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A revision in the El Dorado employee personnel handbook clarified a policy that allowed annual vacation days for long-term civilian employees to accrue.

Mayor Frank Hash recently sent out a memo explaining that non-uniformed city personnel will be allotted 22 paid leave, or vacation days, per year.

Hash discussed the matter with the El Dorado City Council during the council’s Dec. 19 meeting.

The issue had previously been discussed by the Finance Committee as part of an overall review by city officials of the personnel handbook.

Hash broached the issue on Dec. 19, telling aldermen that he wanted to address it prior to the start of the New Year.

The mayor said the handbook provided for 22 paid leave days for civilian employees per calendar year.

However, for the past two decades, employees who had been with the city for at least 20 years were accruing additional paid leave each year.

Long-term employees are allowed 6.7 hours of paid leave per pay period each year.

Hash said the personnel policy manual did not place a cap at 22 hours per year, and the hours kept accruing for employees with 20-plus years in.

“The policy in the handbook leads one to believe that you can keep accruing leave. It says 22 days, but it fails to say the maximum that you can accrue,” Hash said.

On Dec. 19, he told aldermen that employees are allotted 22 days of paid leave, 16 paid holidays and one day of paid birthday leave each year.

“So that’s 22, plus 16, plus one, and then there’s the potential of sick days,” the mayor said. “You could keep protracting it, I guess, into infinity.”

“That’s over 12 weeks a year,” Alderwoman Judy Ward noted.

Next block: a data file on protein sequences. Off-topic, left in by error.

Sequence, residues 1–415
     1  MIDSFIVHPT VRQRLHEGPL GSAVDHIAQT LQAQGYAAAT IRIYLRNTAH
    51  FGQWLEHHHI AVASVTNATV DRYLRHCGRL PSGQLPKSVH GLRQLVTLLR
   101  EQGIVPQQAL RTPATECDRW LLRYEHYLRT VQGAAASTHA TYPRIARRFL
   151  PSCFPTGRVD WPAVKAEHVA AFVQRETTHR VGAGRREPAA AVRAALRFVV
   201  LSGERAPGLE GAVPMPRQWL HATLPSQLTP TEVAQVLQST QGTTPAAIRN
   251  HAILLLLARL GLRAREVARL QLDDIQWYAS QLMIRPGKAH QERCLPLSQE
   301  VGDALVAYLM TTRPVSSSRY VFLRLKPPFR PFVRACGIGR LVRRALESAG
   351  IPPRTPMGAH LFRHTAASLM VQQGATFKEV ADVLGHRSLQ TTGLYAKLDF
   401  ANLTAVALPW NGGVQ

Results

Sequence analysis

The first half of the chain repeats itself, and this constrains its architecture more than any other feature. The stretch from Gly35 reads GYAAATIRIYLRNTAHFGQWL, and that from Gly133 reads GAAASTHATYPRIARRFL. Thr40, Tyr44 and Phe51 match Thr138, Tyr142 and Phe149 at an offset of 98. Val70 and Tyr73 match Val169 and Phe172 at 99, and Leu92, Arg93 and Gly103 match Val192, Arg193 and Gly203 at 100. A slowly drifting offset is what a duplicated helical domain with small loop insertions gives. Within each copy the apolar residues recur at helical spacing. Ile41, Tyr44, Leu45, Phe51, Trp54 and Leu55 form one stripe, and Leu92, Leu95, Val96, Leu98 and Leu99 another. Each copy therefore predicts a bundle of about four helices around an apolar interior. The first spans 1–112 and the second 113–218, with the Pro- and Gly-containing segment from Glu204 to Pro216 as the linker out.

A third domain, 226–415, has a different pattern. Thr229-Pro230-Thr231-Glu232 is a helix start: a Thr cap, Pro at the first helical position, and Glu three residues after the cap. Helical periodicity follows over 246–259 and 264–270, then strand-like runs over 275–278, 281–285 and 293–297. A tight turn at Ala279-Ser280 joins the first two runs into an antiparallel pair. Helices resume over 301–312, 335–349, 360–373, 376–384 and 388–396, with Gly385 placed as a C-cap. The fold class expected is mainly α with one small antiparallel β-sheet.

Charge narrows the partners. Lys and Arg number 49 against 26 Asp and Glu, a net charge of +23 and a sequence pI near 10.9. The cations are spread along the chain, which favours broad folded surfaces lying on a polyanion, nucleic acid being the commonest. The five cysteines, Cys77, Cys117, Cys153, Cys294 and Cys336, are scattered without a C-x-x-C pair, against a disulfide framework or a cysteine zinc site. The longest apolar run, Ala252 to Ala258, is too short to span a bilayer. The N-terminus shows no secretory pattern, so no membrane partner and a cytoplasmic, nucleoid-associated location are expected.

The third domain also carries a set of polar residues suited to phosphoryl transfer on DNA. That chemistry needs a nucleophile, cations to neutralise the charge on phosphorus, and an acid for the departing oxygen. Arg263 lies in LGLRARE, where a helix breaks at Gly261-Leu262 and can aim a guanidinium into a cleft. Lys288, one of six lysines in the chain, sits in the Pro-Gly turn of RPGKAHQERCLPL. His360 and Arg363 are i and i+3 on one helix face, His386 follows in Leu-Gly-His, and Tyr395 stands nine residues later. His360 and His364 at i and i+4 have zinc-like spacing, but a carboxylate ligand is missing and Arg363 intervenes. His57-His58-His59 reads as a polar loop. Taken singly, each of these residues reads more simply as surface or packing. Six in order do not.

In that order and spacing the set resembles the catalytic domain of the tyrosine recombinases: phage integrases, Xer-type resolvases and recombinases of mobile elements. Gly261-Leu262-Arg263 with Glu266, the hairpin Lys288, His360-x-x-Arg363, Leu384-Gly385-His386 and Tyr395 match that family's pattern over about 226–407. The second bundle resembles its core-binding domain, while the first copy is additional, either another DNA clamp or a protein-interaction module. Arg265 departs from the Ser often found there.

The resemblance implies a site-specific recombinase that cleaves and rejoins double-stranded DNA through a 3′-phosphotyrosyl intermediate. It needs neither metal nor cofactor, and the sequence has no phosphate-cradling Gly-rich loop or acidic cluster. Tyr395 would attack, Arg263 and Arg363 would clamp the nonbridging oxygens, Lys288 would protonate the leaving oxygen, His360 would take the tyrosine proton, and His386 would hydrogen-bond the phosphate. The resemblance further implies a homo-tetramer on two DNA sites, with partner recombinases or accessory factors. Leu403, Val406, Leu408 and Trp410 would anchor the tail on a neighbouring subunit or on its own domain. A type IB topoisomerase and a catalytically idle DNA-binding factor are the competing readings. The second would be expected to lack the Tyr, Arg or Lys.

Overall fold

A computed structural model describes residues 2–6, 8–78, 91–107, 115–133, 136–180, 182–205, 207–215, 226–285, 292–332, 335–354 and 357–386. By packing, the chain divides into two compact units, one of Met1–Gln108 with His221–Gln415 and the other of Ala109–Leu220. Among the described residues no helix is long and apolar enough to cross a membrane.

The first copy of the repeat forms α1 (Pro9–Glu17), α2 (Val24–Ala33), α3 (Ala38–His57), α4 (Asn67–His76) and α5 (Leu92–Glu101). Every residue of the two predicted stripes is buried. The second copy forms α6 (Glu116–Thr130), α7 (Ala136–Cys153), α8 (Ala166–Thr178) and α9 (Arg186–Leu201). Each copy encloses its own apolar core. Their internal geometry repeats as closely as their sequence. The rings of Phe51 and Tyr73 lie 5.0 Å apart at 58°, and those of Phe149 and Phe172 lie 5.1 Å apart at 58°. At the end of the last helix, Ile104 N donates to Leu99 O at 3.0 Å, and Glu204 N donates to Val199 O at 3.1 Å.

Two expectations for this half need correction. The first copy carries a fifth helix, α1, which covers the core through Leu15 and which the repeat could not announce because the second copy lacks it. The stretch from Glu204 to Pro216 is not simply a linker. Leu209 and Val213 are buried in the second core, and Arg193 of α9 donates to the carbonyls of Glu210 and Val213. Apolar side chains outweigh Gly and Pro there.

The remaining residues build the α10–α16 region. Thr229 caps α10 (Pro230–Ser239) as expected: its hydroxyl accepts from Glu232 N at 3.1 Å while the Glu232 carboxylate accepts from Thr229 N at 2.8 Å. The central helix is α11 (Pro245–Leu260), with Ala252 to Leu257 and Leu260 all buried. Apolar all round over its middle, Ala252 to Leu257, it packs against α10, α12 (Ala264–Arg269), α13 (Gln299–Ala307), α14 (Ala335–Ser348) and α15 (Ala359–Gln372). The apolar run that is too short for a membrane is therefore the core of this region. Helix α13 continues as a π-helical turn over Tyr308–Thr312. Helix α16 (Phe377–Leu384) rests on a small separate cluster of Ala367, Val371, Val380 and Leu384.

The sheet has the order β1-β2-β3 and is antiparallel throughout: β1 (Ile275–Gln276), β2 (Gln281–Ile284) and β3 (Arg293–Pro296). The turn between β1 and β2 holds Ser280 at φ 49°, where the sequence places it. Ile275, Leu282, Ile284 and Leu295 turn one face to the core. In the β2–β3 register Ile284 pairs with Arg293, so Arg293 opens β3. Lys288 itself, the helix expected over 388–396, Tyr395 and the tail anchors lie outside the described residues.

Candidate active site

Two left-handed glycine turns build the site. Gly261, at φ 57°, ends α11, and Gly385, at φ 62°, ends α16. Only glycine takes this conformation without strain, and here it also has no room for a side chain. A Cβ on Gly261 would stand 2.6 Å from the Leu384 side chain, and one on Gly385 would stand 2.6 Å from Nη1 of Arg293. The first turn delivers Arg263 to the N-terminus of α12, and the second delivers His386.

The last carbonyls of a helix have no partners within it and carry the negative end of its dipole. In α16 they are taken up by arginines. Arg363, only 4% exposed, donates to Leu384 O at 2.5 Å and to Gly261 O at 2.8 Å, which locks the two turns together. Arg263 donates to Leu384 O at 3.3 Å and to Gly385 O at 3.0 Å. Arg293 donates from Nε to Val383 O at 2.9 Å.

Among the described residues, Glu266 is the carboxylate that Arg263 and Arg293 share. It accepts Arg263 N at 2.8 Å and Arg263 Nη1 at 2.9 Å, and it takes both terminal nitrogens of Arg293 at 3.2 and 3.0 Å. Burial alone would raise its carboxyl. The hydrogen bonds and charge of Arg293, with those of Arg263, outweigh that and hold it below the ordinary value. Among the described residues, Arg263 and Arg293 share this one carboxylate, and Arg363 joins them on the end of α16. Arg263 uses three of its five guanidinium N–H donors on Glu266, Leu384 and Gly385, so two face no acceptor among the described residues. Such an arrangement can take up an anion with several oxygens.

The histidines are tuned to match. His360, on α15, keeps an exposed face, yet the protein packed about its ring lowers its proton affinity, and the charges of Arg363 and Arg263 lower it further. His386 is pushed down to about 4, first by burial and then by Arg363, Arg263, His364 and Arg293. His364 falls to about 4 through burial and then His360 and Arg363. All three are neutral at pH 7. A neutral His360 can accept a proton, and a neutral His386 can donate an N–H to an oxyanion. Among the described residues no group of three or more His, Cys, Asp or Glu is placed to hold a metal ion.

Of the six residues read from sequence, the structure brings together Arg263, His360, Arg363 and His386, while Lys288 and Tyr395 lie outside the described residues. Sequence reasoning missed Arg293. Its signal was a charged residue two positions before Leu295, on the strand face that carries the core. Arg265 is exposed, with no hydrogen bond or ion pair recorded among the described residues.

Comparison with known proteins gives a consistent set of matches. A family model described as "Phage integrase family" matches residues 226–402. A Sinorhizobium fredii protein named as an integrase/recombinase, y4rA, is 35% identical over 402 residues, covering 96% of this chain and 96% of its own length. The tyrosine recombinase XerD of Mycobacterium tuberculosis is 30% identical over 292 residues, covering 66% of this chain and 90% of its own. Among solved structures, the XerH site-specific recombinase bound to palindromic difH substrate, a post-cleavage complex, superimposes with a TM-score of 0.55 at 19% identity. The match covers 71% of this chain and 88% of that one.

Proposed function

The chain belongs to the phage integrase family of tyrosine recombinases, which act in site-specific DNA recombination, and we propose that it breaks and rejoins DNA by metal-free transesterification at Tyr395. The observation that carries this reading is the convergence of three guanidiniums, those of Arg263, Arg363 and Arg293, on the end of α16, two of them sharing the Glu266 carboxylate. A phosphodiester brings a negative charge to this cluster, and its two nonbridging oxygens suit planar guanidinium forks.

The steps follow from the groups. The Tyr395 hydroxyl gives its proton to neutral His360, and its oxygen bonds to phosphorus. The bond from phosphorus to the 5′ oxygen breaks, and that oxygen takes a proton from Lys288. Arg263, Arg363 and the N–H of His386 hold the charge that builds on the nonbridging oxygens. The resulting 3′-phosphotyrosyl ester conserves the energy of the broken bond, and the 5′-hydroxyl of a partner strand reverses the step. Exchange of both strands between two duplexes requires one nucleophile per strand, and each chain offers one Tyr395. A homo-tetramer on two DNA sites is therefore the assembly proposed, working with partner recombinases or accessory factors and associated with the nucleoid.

Hash provided an example, saying that a former City Hall employee with more than 30 years of service had accrued 44 annual leave days at one point.

With an administrative staff of less than 10 people in City Hall, Hash said there were instance in which several people were out on paid leave simultaneously.

“We can’t keep a reliable staff here because they’ve got to use all their leave up or lose it,” Hash told the News-Times. “We’ve got to keep the office open on an improvised staff, and that can get difficult, especially in areas where we’re only one person deep.”

Hash said state legislative auditors have homed in the issue, and he said the policy went into effect in January 1997, without the approval of the city council.

“I guess it was because, before, (civilian employees) didn’t have the benefits they have now, such as retirement, but it gets to be excessive,” Hash said.

In 2016, the city began offering a retirement package for civilian employees. The plan includes a matching contribution from the city.

A retirement plan is available to uniformed personnel through LOPFI, the state’s retirement system for law enforcement officers and firefighters.

The city council voted on Dec. 19 to place a 22-day cap of paid leave for civilian employees each year.

Hash said the action did not include any “grandfathering provisions”, and existing leave days in excess of 22 were revoked.

“Twenty-two is the maximum that is intended, regardless of seniority, assignment or employment,” Hash said.

“Since the city council formally approves the personnel handbook, I wanted to get it settled before the first of year with everyone knowing what their leave days were, so they could plan accordingly,” he said.

Tia Lyons may be contacted at 870-862-6611 or

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